Cueto v. Dozier

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Justia Opinion Summary

In 2012, Cueto obtained a two-year domestic violence prevention restraining order against Dozier, the father of her eight-year-old son. Shortly before the order was set to expire, Cueto sought permanent renewal of that order. Following a hearing, the trial court denied Cueto’s request, finding that she had not established an objectively reasonable fear of future abuse by Dozier. The court of appeal reversed and remanded for the trial court to determine whether the restraining order should be renewed for five years or permanently under 14 Fam. Code, 6345(a). While the trial court relied on the fact that Dozier had not violated the order, it should have considered his history of violence and failure to attend anger management classes as required for visitation with his son.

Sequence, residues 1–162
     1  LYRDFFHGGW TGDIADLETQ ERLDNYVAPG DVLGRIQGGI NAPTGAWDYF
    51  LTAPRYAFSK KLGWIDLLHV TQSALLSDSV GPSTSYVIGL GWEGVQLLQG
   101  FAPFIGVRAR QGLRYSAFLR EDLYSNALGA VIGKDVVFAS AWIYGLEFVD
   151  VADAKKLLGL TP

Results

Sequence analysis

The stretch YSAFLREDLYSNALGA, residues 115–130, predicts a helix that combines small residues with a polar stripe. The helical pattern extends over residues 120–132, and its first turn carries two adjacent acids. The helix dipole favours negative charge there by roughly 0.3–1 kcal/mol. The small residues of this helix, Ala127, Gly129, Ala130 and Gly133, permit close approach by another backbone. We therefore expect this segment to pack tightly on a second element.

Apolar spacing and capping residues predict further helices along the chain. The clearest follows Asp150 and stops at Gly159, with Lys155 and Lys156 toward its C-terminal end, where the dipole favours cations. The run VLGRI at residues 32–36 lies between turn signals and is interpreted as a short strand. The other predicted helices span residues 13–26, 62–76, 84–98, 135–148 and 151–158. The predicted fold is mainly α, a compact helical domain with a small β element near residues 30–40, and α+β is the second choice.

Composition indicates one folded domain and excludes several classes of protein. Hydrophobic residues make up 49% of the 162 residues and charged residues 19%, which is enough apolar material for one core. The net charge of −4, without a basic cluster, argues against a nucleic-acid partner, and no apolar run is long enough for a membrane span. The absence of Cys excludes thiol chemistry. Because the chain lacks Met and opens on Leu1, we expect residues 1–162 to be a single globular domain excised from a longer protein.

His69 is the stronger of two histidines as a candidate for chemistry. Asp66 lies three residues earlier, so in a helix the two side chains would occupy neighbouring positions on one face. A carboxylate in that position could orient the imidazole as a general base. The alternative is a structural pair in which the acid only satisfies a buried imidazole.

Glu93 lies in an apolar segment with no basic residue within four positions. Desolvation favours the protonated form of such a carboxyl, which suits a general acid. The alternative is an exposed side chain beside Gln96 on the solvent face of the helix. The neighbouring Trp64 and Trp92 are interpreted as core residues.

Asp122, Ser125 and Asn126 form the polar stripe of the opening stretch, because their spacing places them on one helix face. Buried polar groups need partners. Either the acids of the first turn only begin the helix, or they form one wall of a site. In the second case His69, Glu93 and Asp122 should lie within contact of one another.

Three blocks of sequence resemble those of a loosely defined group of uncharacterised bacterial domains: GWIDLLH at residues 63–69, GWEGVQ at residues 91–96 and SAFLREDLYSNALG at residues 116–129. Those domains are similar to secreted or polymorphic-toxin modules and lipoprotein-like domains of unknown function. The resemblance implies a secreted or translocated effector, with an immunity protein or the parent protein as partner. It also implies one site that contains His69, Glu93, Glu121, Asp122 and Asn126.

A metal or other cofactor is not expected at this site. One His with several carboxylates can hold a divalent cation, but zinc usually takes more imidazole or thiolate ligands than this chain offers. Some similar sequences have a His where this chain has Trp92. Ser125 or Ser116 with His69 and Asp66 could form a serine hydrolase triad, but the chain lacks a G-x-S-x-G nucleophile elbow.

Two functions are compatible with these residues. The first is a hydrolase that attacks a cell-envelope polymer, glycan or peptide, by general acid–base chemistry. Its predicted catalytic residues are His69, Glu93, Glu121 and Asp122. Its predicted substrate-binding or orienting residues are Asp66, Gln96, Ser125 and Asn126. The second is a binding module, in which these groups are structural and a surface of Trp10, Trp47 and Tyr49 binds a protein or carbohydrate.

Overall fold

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Filed 9/25/15; pub. order 10/20/15 (see end of opn.) IN THE COURT OF APPEAL OF THE STATE OF CALIFORNIA FIRST APPELLATE DISTRICT DIVISION 2 ANNETTE S. CUETO, Plaintiff and Appellant, A143084 v. (San Mateo County Super. Ct. No. F0117511) MICHAEL ANTHONY DOZIER, Defendant and Respondent. INTRODUCTION In 2012, appellant Annette Cueto obtained a two-year domestic violence prevention restraining order against the father of her son, respondent Michael Anthony Dozier. Shortly before the order was set to expire, Cueto sought a permanent renewal of that order. Following a hearing, the trial court denied Cueto’s request, finding that she had not established an objectively reasonable fear of future abuse by Dozier. We disagree, and reverse and remand for the trial court to determine whether the restraining order should be renewed for five years or permanently.1 FACTUAL AND PROCEDURAL BACKGROUND A. The Initial Restraining Order On April 27, 2012, Cueto filed an ex parte request for a domestic violence restraining order, seeking to bar Dozier, the father of her son and former cohabitant of 11 1 Respondent Michael Anthony Dozier did not file a brief in response to this appeal. 1 years, from contacting, abusing, or coming within 100 yards of her, the couple’s son, or Cueto’s mother as well as their homes, vehicles, schools, and workplaces. In support of her request, Cueto alleged that two days earlier, Dozier had assaulted her in public after their eight-year-old son’s baseball game. In her supporting declaration, Cueto stated that after the game, Dozier began yelling at his son causing the son to cry and shake. When Cueto attempted to intervene, Dozier told her to “Get out of my face bitch! Let me talk to my fucken [sic] son!” Dozier continued to yell at the son, so Cueto walked over, grabbed her son, and attempted to walk away. Dozier then grabbed her and “tried to punch [Cueto] (closed fist) with his right hand. [Cueto] quickly backed up so he managed to hit [her] nose.” Dozier then grabbed her and threw her to the ground. Cueto stood back up and threatened to call the police, and in response Dozier again pushed her to the ground. Cueto then got up, and she and her son went to her car to leave. Cueto looked back and saw Dozier begin to choke her son’s baseball coach. Cueto also alleged that she had previously suffered abuse by Dozier over the years. She asserted that in May 2002, Dozier punched her in her left temple, knocking her out, following an argument after she claimed Dozier was cheating on her. She stated that similar events happened “a few more times” during their 11-year relationship. She also described two incidents in August 2010 and August 2011, after they had ended their relationship. In both incidents, Dozier allegedly became hostile after being told that their son did not want to play football and allegedly threatened to “kick [Cueto’s] stupid ass.” Cueto concluded her declaration by referring to the April 25, 2012, incident: “I am very nervous and scared because they arrested him and let him go. I feel he wants revenge. My son has not been able to go to school. He’s not sleeping well and keeps having nightmares. My son keeps telling me, ‘mommy please don’t make me see my dad again!’ Respondent is very aggressive, abusive, verbally and physically. If he can do this in front of 10 children and their parents, what can he do privately? I’m afraid he will try to kill me. My son feels the same way.” On April 27, 2012, the trial court issued a temporary restraining order barring Dozier from harassing, attacking, striking, threatening, assaulting, hitting, following, 2 stalking, molesting, destroying the personal property of, disturbing the peace of, keeping under surveillance, blocking the movements of, contacting, or coming within 100 yards of Cueto, the couple’s son, and Cueto’s mother, as well as their home, vehicles, schools, or workplace. On May 15, 2012, Dozier filed his response to Cueto’s request for a domestic violence restraining order. He stated that on April 25, 2012, his son was upset after his baseball game, and Dozier had been talking with him to find out why he was upset. He alleged that while he was talking to his son, Cueto came up and began yelling at Dozier to stop upsetting their son in front of everybody and began calling Dozier a “nigger” and “faggot.” He stated that Cueto began “pointing her hands in [Dozier’s] face and tried to jab [his] eye with her keys in her right hand.” Dozier stated he grabbed her hands to block her from hitting his face, and Cueto lost her balance and fell. Dozier denied ever abusing Cueto. In reply, Cueto submitted a copy of the police report from the April 2012 incident. The police interviewed three witnesses to the altercation between Cueto and Dozier. These witnesses stated that Dozier and Cueto argued after a Little League baseball game and that during this argument, Dozier struck Cueto and pushed her to the ground twice. After Cueto left, the witnesses stated that Dozier placed his left hand on the baseball coach’s neck for approximately one second while yelling at him. Dozier was arrested that evening for violating Penal Code section 243, subdivision (e)(1), battery on a former cohabitant. On July 13, 2012, the trial court held a hearing, granted the request for a restraining order, and issued a two-year restraining order. Dozier did not attend the hearing, later claiming that he had mistaken the time for the hearing and arrived at the courthouse 5 hours later. B. Cueto’s Request to Renew the Restraining Order On April 23, 2014, Cueto filed a request to renew the restraining order permanently. In support of her request, Cueto stated: “After the court ordered the restraining order, I was afraid that I have angered the Respondent in requesting this order 3 and that he would come and hurt me. I was afraid he might hire someone to get me. I avoided places that I know he frequently goes to for fear of running into him.” In her declarations in support of her request to renew the restraining order request, Cueto claimed that Dozier had twice violated the restraining order by driving by her home. Cueto stated: “Approximately a month after the court issued the restraining order, I heard loud music outside my house. I looked through my window and I saw a 1991 white Lexus, the same car [Dozier] drove to pick up my son, driving on my street, playing loud music. [Dozier] stopped at the corner of my block and then drove away. When the car stopped, I could see [Dozier] inside. When I saw him, I became afraid to leave my home, and I called the police. The police told me that they could not do anything because he was no longer outside.” Cueto then stated: “A few months later, I saw a 1991 white Lexus driving by my house again. I immediately felt scared, anxious, and threatened.” Cueto closed her declaration by stating: “I have been experiencing recurring nightmares about [Dozier] knocking on my door and hurting me if the Restraining Order expires. In my nightmares, I see [Dozier] and try to use my cell phone to call for help, but I am unable to make the call fast enough. I constantly worry about what [Dozier] may do if I am no longer protected by the Restraining Order.” Dozier opposed the request to renew the restraining order. Dozier stated that he had been acquitted of criminal charges resulting from the April 25, 2012, incident. He also stated that he never drove by Cueto’s house after the restraining order was imposed. Dozier submitted a letter from Lisa Rios, who lives with Dozier and identified herself as Dozier’s girlfriend and the mother of his young daughter. Rios stated that she was the owner of a white Lexus, but that Cueto could not have seen Dozier drive by her house after the restraining order was filed. Rios explained that her white Lexus did not have a stereo system or radio because it had been stolen before she bought the Lexus, and therefore it could not have been Dozier playing the “loud music” that Cueto claimed to have heard. Rios also stated that the white Lexus was impounded for unpaid tickets one month after the restraining order was filed and had never been reclaimed. 4 C. Two Hearings on Cueto’s Renewal Request The court held two separate hearings on Cueto’s request to renew the restraining order. The first was held on June 25, 2014. Cueto was present and represented by counsel. Dozier was also present, representing himself. The court first addressed Cueto’s claim that she saw Dozier drive by her house twice in the white Lexus after the restraining order had issued. Dozier denied driving by, and Rios reiterated that Cueto could not have seen her white Lexus. The trial court had the following exchange with Cueto and her counsel: “THE COURT: . . . So, she saw a white Lexus and she thought it was his, correct? “[CUETO’S COUNSEL]: Yes. “THE COURT: But there is no proof of that. Did she see anybody driving? “[CUETO’S COUNSEL]: Did you see anybody driving? “MS. CUETO: Somebody was driving but I didn’t see who it was. “THE COURT: My point is there is a lot of white Lexus’s out in the world. That’s something that in and of itself, you know, is not out of the ordinary. . . . “[CUETO’S COUNSEL]: Your Honor, we just like to reiterate that there is no necessity of the violation of the restraining order to grant the renewal. The question is only whether there is any genuine and reasonable fear . . . it is not necessary to have a violation of the underlying order. “THE COURT: I know. I am trying to figure out whether it’s reasonable. There is a lot of white Lexus’s in the Bay Area, so— “[CUETO’S COUNSEL]: I think the primary issue is whether it’s reasonable, the violence underlying the initial restraining order and that restraining order found a history of violent abuse.” Dozier challenged the contention that there was a history of abuse in the relationship. The trial court acknowledged that defendant had been acquitted of the criminal charges resulting from the April 2012 incident, but noted that different standards applied to criminal and civil matters. The court then stated that the “issue really for the Court is whether or not it’s a reasonable fear given the circumstances.” Dozier again 5 disputed that there was any history of abuse, stating: “We never had physical altercations during our relationship, never. This was an attempt to continue to keep me from my son.” The trial court called a brief recess to review a copy of the Family Court Services report that included a summary of a mediator’s interview with Cueto’s and Dozier’s son. When the court recalled the case, it read from the report: “The minor gave the incident report to counselor, the minor conveyed a sense of discomfort around the idea of spending time with the father especially since the incident after his baseball game last April. The minor gave the impression that the father got angry with him for not defending himself when a teammate threw a glove at him. [¶] The minor indicated that the mother told the father to stop and a physical altercation between them ensued. The minor says the father was calling him disparaging names. The minor is afraid of the father because of how aggressive he was with the mother and the minor’s co[a]ch. He was recommended a 16 week anger management program.”2 The trial court asked Dozier if he completed the anger management program, and he replied that he did not remember the program being recommended. Cueto then testified regarding her fear of Dozier occasioned by the upcoming expiration of the restraining order: “Because of the Court [hearing] coming up and the expiration coming up I have had a few bad dreams about this. I don’t want to go places where he is going to be at where I thought he lived because I don’t want to see him.” This fear was a result of “the abuse from the past and what happened, and I am afraid that when this [restraining order] expires he is going to come to my house and start again.” Cueto testified that there had been eight or nine separate acts of abuse during the course of their relationship, including an instance of Dozier sticking a gun in her mouth and threatening to kill her. 2 In fact, the family law facilitator’s recommendations, including the recommendation that Dozier attend anger management classes, were adopted as a court order in March 2013. 6 Dozier replied by denying there was any history of abuse, stating: “If there was a history of violence I am really hard pressed to know why the police weren’t called over all these years and all this time.” Regarding the April 2012 incident, he asserted that Cueto was the aggressor by following him and yelling derogatory names at him. He stated “And as far as some kind of incident with the co[a]ch, her or him never came to the court case to testify against me. If I am this bad person wouldn’t you want to put me away? If you had the chance to come and testify? And a jury of 12 people that don’t even know me found me innocent?” The court replied by stating: “Well, not guilty. There’s a difference, it was not a factual finding.” Cueto then explained that she had not appeared at the criminal trial because the district attorney had only given her 30 minutes notice that she was needed at the courthouse, and she could not make it in time because she had to pick up her son. The trial court then took the case under submission. At a separate hearing on July 9, 2014, the trial court denied Cueto’s request to renew the restraining order. The trial court stated: “[A]t the end of the day, it is the Court’s determination that, at this point, there is just insufficient evidence to go forward with a permanent restraining order given that . . . there is a reasonable person standard that there would be any future threats of harm. I mean, I understand she feels anxiety when she thought that she saw him driving by. It was a white Lexus. As I said at the first hearing, there are many white Lexuses all over the Bay Area. That doesn’t necessarily mean that it is Mr. Dozier or that a reasonable person would have the fear every time that they saw a Lexus driving down the street. That is not to say that Ms. Cueto could not file for another restraining order, and that doesn’t give [Dozier] free rein to contact her, drive by her house, or anything of the sort.” Then, addressing Dozier, the court stated: “So if there is anything that you do, either contacting her, or driving by her street, or ringing her door bell or anything like that, I am sure counsel will file for another restraining order request, and I will seriously consider granting that because at this point there is just insufficient facts to issue a permanent order; but that does not give you free license to contact her in any way.” The 7 court then warned Dozier “if there is any contact, I will strongly consider another restraining order.” At the request of Cueto’s counsel, the court issued a written statement of decision writing briefly that it denied the request “for the following reasons: (1) no testimony could be provided to the court that respondent was the person who drove by petitioner’s home twice in the last two years in a white Lexus, (2) no testimony was provided to the court of any violations of the restraining order, (3) petitioner did not show a reasonable apprehension of fear, for physical or mental abuse, (4) [b]ased on the testimony and documents presented, and the facts showed that at two times within the last two years a white Lexus vehicle drove down petitioner’s street, never being able to identify respondent as the person involved, the Court rules there is insufficient evidence at this time to renew the restraining order.” DISCUSSION Cueto argues that the trial court applied incorrect legal standards in assessing her request for a renewed restraining order. In the alternative, she contends that even if the trial court applied the correct standards, it abused its discretion in denying her renewal request. As we discuss below, the trial court applied the correct legal standards, but erred in concluding that the restraining order should not be renewed. The Domestic Violence Prevention Act (DVPA) (Fam. Code, § 6200 et seq.)3 exists “to prevent acts of domestic violence, abuse, and sexual abuse and to provide for a separation of the persons involved in the domestic violence for a period sufficient to enable these persons to seek a resolution of the causes of the violence.” (§ 6220.) As provided in section 6345, subdivision (a), a domestic violence prevention restraining order “may be renewed upon the request of a party, either for five years or permanently, without a showing of any further abuse since the issuance of the original order, subject to termination or modification by further order of the court either on written stipulation filed 3 All statutory references are to the Family Code. 8 with the court or on the motion of a party. The request for renewal may be brought at any time within the three months before the expiration of the orders.” Section 6345 does not provide a standard for a trial court to apply in deciding whether to grant a renewal request. In Ritchie v. Konrad (2004) 115 Cal.App.4th 1275, 1290 (Ritchie), the court engaged in an in depth analysis of what that standard should be, ultimately holding that “[a] trial court should renew the protective order, if, and only if, it finds by a preponderance of the evidence that the protected party entertains a ‘reasonable apprehension’ of future abuse.” In Lister v. Bowen (2013) 215 Cal.App.4th 319, we summarized the Ritchie holding as follows: “When contested, a request to renew a restraining order should not be granted pursuant to section 6345 simply because the requesting party has ‘a subjective fear the party to be restrained will commit abusive acts in the future.’ [Citation.] ‘The “apprehension” those acts will occur must be “reasonable.” That is, the court must find the probability of future abuse is sufficient that a reasonable woman (or man, if the protected party is a male) in the same circumstances would have a “reasonable apprehension” such abuse will occur unless the court issues a protective order.’ [Citation.] However, an imminent and present danger of abuse is not required. [Citation.] In other words, under this objective test, ‘[a] trial court should renew the protective order, if, and only if, it finds by a preponderance of the evidence that the protected party entertains a “reasonable apprehension” of future abuse. . . . [T]his does not mean the court must find it is more likely than not future abuse will occur if the protective order is not renewed. It only means the evidence demonstrates it is more probable than not there is a sufficient risk of future abuse to find the protected party’s apprehension is genuine and reasonable.’ [Citation.] “In evaluating whether the requesting party has a reasonable apprehension of future abuse, ‘the existence of the initial order certainly is relevant and the underlying findings and facts supporting that order often will be enough in themselves to provide the necessary proof to satisfy that test.’ [Citation.] ‘Also potentially relevant are any significant changes in the circumstances surrounding the events justifying the initial 9 protective order. For instance, have the restrained and protected parties moved on with their lives so far that the opportunity and likelihood of future abuse has diminished to the degree they no longer support a renewal of the order?’ [Citation.] Also relevant are the seriousness and degree of risk, such as whether it involves potential physical abuse, and the burdens the protective order imposes on the restrained person, such as interference with job opportunities. [Citation.]” (Lister v. Bowen, supra, 215 Cal.App.4th at pp. 332333; accord Eneaji v. Ubboe (2014) 229 Cal.App.4th 1457, 1463.) We review an appeal from an order denying a request to renew a domestic violence restraining order for abuse of discretion. (Lister v. Bowen, supra, 215 Cal.App.4th at p. 333; Eneaji v. Ubboe, supra, 229 Cal.App.4th at p. 1463.) As we explained in Lister v. Bowen, supra, 215 Cal.App.4th at page 333, an abuse of discretion occurs where “ ‘ “the trial court exceeded the bounds of reason. When two or more inferences can reasonably be deduced from the facts, the reviewing court has no authority to substitute its decision for that of the trial court.” ’ ” However, the question of “whether a trial court applied the correct legal standard to an issue in exercising its discretion is a question of law [citation] requiring de novo review.” (Eneaji v. Ubboe, supra, 229 Cal.App.4th at p. 1463.) Cueto argues that the trial court applied the incorrect legal standard on three grounds. First, Cueto contends that the trial court failed to properly assess the reasonableness of Cueto’s fear of future abuse. As discussed above, the court in Ritchie stated that in determining whether a party protected by a restraining order has a reasonable fear of future abuse, the trial court should ask whether the “probability of future abuse is sufficient that a reasonable woman . . . in the same circumstances would have a ‘reasonable apprehension’ such abuse will occur unless the court issues a protective order.” (Ritchie, supra, 115 Cal.App.4th at p. 1288, emphasis added.) Cueto argues that the trial court erred by applying a “reasonable person” standard, not the “reasonable woman in the same circumstances” standard. We are unpersuaded by this argument because the record does not support this conclusion. While the trial court referred to a “reasonable person” without including the phrase “in the same 10 circumstances” at the July 9 hearing, the record as a whole demonstrates the trial court understood and applied the correct legal standard. For example, at the earlier hearing, the trial court expressly stated that the “issue . . . for the Court is whether or not it’s a reasonable fear given the circumstances.” Absent any evidence to the contrary, we presume that the trial court applied the correct legal standard. (Armando D. v. Superior Court (1999) 71 Cal.App.4th 1011, 1025.) Cueto next argues that the trial court erred as a matter of law by requiring her to prove that Dozier had violated the restraining order. The record does not support this argument, either. Section 6345 expressly provides that a restraining order may be renewed “without a showing of any further abuse since the issuance of the original order.” (§ 6345, subd. (a).) In Ritchie, the court explained: “It would be anomalous to require the protected party to prove further abuse occurred in order to justify renewal of that original order. If this were the standard, the protected party would have to demonstrate the initial order had proved ineffectual in halting the restrained party’s abusive conduct just to obtain an extension of that ineffectual order. Indeed the fact a protective order has proved effective is a good reason for seeking its renewal.” (Ritchie, supra, 115 Cal.App.4th at p. 1284.) Thus, a trial court errs when it requires a party to show a violation of the restraining order as a condition to renewing that order. (See Eneaji v. Ubboe, supra, 229 Cal.App.4th at p. 1464 [“[T]he trial court’s conclusion that the absence of further abuse in the three-year period was a sufficient basis for denying renewal is not supported by the law.”].) The trial court here, however, did not require Cueto to show that Dozier violated the restraining order. Read in its entirety, the trial court’s reference to violations of the restraining order was in the context of addressing Cueto’s affirmative claims that Dozier had violated the restraining order. In her renewal request, Cueto claimed that she feared for her safety in part because Dozier had allegedly twice violated the restraining order by driving by her house in a white Lexus. Because Cueto relied on these alleged violations of the restraining order to explain in part why she feared future abuse, the trial court 11 addressed this evidence in determining whether Cueto’s fear was reasonable. There was no legal error. Cueto next contends that the trial court erred by limiting its definition of abuse to only “physical or mental abuse.” This misreads the record. Fairly read, this phrase from the trial court’s statement of decision was its shorthand reference to the lengthy definition of abuse as defined in the DVPA. The DVPA defines “abuse” as including “any behavior that has been or could be enjoined pursuant to Section 6320.” (§ 6203, subd. (a)(4).) Section 6320, in turn, permits a court to enjoin a party from, among other things, “molesting, attacking, striking, stalking, threatening, sexually assaulting, battering, . . . harassing, telephoning . . . , destroying personal property, contacting, either directly or indirectly, by mail or otherwise, coming within a specified distance of, or disturbing the peace of the other party.” (§ 6320, subd. (a).) In Eneaji v. Ubboe, supra, 229 Cal.App.4th 1457, the court found that this definition “is not confined to physical abuse but specifies a multitude of behaviors which [do] not involve any physical injury or assaultive acts.” (Id. at p. 1464.) Cueto argues that the DVPA’s definition of abuse encompasses acts “beyond physical or mental abuse,” and therefore the trial court’s analysis was too narrow. There was no error here, and Cueto can point to no evidence that the trial court excluded from consideration because it did not fall within these very broad parameters. Having determined that the trial court applied the correct legal standard, we nonetheless conclude that the trial court abused its discretion in finding that Cueto had not demonstrated a reasonable apprehension of future abuse. In denying Cueto’s request for a restraining order, the trial court relied largely on the lack of any violation of the restraining order. On the facts of this case, however, that the initial restraining order “proved effective [was] a good reason for seeking its renewal.” (Ritchie, supra, 115 Cal.App.4th at p. 1284.) Each factor articulated by the court in Ritchie supported renewal of the restraining order. First, Cueto obtained the initial restraining order after a violent incident at the baseball game in April 2012 and evidence of a troubling history of physical abuse, including being punched in the face in 2002, and threatened on two 12 occasions in 2010 and 2011. As the Ritchie court recognized, the facts supporting the initial restraining order “often will be enough in themselves to provide the necessary proof to satisfy the test.” (Ritchie, supra, 115 Cal.App.4th at p. 1291.) Second, there is nothing in the record to suggest that circumstances have changed and that Dozier had “moved on with [his] li[fe] so far that the opportunity and likelihood of future abuse has diminished.” (Ritchie, supra, 115 Cal.App.4th at p. 1291.) To the contrary, it appears that Dozier failed to attend anger management classes that a court ordered as part of an order granting Dozier visitation with his son. Further, we are troubled by the comments the trial court made to Dozier at the conclusion of the hearing after denying the application to renew the protective order, to the effect that Dozier did not have “free rein to contact” Cueto or to “drive by her house, or anything of the sort;” and that he did not have “free license to contact her in any way.” The court continued that if there is “any contact,” the court would “strongly consider another restraining order.” These comments suggest that the trial court believed there was a need to admonish Dozier from the bench that he must continue to stay away and have no contact with Cueto, but without giving Cueto the legal protection of a restraining order. The trial court’s comments bolster our conclusion that Cueto had demonstrated a reasonable apprehension of future abuse. In sum, given the facts underlying the initial restraining order and the lack of changed circumstances, we conclude the trial court abused its discretion in denying the request to renew the order. DISPOSITION The judgment is reversed and the matter is remanded with instructions that the trial court grant Cueto’s request to renew the restraining order. While Cueto requested that the trial court renew the restraining order permanently, before us she requested that we “direct the trial court to enter a renewed restraining order for either five (5) years or permanently.” On remand the trial court is instructed to determine in the first instance whether the restraining order should be renewed for five years or permanently. (See 13 Fam. Code, § 6345, subd. (a) [“These orders may be renewed . . . either for five years or permanently[.]”]) 14 _________________________ Miller, J. We concur: _________________________ Kline, P. J. _________________________ Richman, J. A143084, Cueto v. Dozier 15 Filed 10/20/15 CERTIFIED FOR PUBLICATION IN THE COURT OF APPEAL OF THE STATE OF CALIFORNIA FIRST APPELLATE DISTRICT DIVISION 2 ANNETTE S. CUETO, Plaintiff and Appellant, A143084 v. (San Mateo County Super. Ct. No. F0117511) MICHAEL ANTHONY DOZIER, Defendant and Respondent. BY THE COURT: The opinion in the above-entitled matter filed on September 25, 2015, was not certified for publication in the Official Reports. For good cause and pursuant to California Rules of Court, rule 8.1105, it now appears that the opinion should be published in the Official Reports, and it is so ordered. Dated: _______________________ ________________________________ Richman, Acting P.J. 1 Trial Court: Superior Court of San Mateo Trial Judge: Hon. Stephanie Garratt Attorneys for Plaintiff and Appellant Cooley LLP Wendy J. Brenner Matthew D. Ezer Brett de Jarnette Family Violence Appellate Project Jennafer D. Wagner Nancy K.D. Lemon Shuray Ghorishi No appearance for Defendant and Respondent 2